Marks & Spencer will send a shiver down the high street this week when it posts another sharp fall in clothing sales. The retail bellwether's fourth-quarter update on Thursday will also provide the clearest sign yet of how the extended winter has hit the wider fashion sector.
M&S's chief executive Marc Bolland is set to unveil a 4.5 per cent slump in clothing and homeware sales over the 13 weeks to 30 March. This will mark the seventh consecutive quarter of tumbling general merchandise sales and will add to the pressure on the Dutchman from investors growing restless for evidence of a turnaround.
As M&S and others start selling bikinis, T-shirts and sun hats in January, the recent near-Artic conditions are likely to feature heavily in Mr Bolland's comments.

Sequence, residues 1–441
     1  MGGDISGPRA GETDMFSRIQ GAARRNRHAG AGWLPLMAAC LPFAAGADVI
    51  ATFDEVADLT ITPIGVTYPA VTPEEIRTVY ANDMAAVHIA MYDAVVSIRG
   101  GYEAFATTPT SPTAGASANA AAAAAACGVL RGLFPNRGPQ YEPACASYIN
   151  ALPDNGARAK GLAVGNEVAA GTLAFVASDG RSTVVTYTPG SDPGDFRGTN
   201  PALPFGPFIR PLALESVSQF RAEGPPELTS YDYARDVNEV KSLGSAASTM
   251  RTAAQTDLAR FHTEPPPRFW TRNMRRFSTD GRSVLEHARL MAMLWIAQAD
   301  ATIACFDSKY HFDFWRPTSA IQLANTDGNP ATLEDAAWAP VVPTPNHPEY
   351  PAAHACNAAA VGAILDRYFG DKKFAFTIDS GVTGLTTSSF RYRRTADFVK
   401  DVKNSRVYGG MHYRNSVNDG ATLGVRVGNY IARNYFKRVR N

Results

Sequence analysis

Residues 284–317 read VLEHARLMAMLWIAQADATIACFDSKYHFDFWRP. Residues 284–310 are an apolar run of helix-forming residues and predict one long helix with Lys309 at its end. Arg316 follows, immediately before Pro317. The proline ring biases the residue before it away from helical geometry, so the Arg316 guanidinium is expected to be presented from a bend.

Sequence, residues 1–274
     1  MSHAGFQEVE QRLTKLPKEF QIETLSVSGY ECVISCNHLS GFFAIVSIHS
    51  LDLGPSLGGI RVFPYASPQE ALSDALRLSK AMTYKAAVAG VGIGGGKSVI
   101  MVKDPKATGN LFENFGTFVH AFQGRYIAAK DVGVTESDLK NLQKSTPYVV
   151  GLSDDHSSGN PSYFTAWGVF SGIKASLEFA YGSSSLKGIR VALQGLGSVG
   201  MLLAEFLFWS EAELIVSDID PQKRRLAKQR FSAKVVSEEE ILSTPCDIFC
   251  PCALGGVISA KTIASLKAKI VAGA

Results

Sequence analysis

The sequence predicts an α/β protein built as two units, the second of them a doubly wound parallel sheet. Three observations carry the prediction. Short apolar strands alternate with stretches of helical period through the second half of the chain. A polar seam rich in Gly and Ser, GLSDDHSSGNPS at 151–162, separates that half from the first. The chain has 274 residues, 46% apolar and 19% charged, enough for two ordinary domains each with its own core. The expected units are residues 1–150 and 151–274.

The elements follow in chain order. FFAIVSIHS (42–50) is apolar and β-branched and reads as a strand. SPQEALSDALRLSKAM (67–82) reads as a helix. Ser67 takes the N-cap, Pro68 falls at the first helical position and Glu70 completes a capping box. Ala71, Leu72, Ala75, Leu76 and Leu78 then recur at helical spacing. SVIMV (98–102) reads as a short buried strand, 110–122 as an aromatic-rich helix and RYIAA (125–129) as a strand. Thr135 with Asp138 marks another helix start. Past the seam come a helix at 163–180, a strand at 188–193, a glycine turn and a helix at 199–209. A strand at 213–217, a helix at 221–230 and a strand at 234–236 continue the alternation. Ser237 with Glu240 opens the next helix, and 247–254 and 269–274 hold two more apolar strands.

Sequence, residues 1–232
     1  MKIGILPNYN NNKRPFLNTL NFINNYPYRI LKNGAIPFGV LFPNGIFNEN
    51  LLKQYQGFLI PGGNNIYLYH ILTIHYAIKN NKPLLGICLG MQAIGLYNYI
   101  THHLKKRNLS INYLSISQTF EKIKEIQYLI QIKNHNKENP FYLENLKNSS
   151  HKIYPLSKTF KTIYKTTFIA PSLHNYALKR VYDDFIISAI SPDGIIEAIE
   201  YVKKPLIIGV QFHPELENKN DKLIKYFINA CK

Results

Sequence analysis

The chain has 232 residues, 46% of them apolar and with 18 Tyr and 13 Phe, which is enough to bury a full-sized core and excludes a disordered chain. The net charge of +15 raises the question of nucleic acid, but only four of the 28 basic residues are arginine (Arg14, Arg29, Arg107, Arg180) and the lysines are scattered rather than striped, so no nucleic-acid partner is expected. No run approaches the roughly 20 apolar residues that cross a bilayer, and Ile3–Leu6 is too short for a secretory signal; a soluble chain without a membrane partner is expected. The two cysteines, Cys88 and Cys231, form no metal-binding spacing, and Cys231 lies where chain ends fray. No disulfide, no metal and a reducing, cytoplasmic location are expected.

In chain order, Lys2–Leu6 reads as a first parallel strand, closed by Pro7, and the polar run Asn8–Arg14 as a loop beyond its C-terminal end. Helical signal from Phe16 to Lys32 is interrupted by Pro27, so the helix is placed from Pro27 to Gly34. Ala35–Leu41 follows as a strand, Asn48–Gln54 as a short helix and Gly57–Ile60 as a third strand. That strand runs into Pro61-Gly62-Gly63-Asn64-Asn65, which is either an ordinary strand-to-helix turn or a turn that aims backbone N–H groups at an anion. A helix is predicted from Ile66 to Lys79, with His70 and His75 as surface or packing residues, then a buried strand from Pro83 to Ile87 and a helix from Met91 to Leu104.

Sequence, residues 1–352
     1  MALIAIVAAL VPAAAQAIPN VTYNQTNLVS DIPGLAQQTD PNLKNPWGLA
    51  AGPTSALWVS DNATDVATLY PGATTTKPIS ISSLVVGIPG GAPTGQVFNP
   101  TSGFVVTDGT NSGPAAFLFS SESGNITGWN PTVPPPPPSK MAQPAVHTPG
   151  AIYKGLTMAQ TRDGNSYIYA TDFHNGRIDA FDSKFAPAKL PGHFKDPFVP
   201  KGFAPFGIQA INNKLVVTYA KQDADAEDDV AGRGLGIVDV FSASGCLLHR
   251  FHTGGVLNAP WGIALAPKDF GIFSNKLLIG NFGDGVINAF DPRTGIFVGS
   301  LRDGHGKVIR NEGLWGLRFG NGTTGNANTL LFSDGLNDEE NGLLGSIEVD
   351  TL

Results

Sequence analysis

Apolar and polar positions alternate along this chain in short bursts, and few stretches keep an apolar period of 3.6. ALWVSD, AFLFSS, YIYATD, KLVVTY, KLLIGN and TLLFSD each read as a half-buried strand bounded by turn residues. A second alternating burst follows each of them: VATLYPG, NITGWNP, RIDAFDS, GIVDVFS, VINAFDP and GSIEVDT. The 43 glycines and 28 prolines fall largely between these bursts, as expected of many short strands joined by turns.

Debenhams blamed two weeks of snow in January for its recent profit warning and Next, last month, said trading since the end of January had been "quiet". But industry experts believe some of M&S's clothing woes have been self-inflicted, such as selling lacklustre products, and point to the strong run on fashion from Middle England rival John Lewis. A source said: "It seems for every pound that John Lewis gains, M&S loses one."
But M&S's food business has continued to grow and is likely to have been helped by customers stocking up on winter food recently. The City has forecast a 3 per cent increase in food sales over the last three months, which would be its 14th consecutive quarter of growth.
M&S will not update on annual profit until May, but analysts have pencilled in a 7 per cent fall to £660m in 2012-13, which would be its second consecutive year of a shrinking bottom line.